If you are able to gather proof that the U.S. has remained your residence since birth, you may apply for a green card – we describe this process in detail here. If the green card application is approved, the date of permanent residence will be your date of birth. This means, depending on your age, that you may be able to immediately apply for U.S. citizenship.
If you have broken continuous residence in the U.S., consider other paths to a green card
For those who were born in the U.S. to a foreign diplomat, and who then broke continuous residence in the U.S. before they were naturalized as a U.S. citizen, their path to U.S. citizenship is the same as for any other individual with aspirations to pursue a green card. As a result, the individual would need to consider whether they have any family ties to the U.S. that might qualify them for a family-based green card; or they may consider employment- or business-based qualifications that might allow them to pursue an employment-based green card. To learn more about the path from a green card to citizenship, please visit our website here.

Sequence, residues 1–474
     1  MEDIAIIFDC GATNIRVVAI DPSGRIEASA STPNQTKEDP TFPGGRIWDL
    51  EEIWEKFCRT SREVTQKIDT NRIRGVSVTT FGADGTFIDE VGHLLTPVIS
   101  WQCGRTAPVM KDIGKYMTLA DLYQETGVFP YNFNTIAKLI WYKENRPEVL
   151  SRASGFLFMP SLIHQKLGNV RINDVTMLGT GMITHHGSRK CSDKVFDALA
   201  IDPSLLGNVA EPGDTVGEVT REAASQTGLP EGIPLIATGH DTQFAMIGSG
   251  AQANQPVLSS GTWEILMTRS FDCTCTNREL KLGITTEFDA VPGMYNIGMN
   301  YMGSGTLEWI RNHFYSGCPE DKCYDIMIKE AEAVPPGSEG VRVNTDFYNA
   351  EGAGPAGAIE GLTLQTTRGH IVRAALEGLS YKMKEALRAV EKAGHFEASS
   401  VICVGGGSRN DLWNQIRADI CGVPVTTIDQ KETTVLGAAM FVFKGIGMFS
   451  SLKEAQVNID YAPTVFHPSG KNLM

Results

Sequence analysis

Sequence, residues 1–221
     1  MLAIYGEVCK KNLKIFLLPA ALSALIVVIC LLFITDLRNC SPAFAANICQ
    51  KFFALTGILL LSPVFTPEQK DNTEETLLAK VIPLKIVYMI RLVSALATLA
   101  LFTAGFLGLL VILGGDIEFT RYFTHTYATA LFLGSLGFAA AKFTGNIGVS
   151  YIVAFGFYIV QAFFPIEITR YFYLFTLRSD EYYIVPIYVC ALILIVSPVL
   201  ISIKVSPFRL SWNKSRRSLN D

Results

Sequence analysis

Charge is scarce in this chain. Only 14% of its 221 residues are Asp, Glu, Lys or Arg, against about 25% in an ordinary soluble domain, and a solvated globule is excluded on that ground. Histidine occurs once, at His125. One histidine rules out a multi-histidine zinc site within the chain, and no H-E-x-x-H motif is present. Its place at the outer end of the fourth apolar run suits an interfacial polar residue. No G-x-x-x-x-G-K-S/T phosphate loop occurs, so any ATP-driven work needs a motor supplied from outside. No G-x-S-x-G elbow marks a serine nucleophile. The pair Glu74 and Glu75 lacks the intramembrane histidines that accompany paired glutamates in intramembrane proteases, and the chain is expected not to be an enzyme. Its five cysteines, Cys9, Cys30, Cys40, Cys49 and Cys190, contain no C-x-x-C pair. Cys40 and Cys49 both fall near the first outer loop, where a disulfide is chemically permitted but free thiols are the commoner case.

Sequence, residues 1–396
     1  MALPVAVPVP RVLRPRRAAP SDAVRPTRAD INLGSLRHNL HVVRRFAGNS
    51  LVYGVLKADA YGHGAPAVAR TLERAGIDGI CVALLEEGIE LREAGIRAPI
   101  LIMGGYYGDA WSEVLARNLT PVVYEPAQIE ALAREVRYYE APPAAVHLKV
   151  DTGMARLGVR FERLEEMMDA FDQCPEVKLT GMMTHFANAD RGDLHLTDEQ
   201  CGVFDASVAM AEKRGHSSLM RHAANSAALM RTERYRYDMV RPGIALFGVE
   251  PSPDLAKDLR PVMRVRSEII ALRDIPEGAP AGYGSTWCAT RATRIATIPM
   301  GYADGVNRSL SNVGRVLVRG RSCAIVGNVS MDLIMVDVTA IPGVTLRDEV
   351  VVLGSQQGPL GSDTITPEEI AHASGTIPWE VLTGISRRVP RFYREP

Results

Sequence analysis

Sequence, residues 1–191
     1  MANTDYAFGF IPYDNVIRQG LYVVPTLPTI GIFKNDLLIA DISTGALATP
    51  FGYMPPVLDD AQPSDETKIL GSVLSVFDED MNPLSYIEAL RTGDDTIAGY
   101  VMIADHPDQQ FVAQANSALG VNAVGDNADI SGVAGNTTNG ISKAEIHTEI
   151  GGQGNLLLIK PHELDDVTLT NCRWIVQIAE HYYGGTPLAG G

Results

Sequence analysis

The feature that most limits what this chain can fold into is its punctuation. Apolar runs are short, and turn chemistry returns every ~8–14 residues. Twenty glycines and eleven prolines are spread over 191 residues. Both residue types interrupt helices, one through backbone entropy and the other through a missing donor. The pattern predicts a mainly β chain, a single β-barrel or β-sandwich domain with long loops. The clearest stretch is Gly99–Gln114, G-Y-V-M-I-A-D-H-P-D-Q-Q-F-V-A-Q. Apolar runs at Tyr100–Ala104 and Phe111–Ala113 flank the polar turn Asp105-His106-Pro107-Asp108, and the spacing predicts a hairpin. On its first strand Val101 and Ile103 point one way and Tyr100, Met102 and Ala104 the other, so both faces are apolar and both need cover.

I’ve been acting on the assumption that I am a U.S. citizen my whole life. Will this be a problem when I apply for a green card?
One of the especially painful consequences of learning that you were not born a U.S. citizen is that there are severe immigration consequences for those who hold themselves out as a U.S. citizen when they are not one. Examples of doing so include applying for a U.S. passport, voting, or applying for employment – all common and encouraged activities that people who legitimately believe they are U.S. citizens do without a second thought.
In the context of immigration, performing any of these actions as a U.S. citizen when you are not one can have severe consequences. As a result, when applying for an immigration benefit, it is generally important to disclose to the government that you have held yourself out as a U.S. citizen, but that you did so with the genuine belief that you were a U.S. citizen, and that you therefore deserve prosecutorial discretion. If the government agrees, these past actions should not be a bar to your path to a green card.
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This website and blog constitutes attorney advertising. Do not consider anything in this website or blog legal advice and nothing in this website constitutes an attorney-client relationship being formed. Set up a one-hour consultation with us before acting on anything you read here. Past results are no guarantee of future results and prior results do not imply or predict future results. Each case is different and must be judged on its own merits.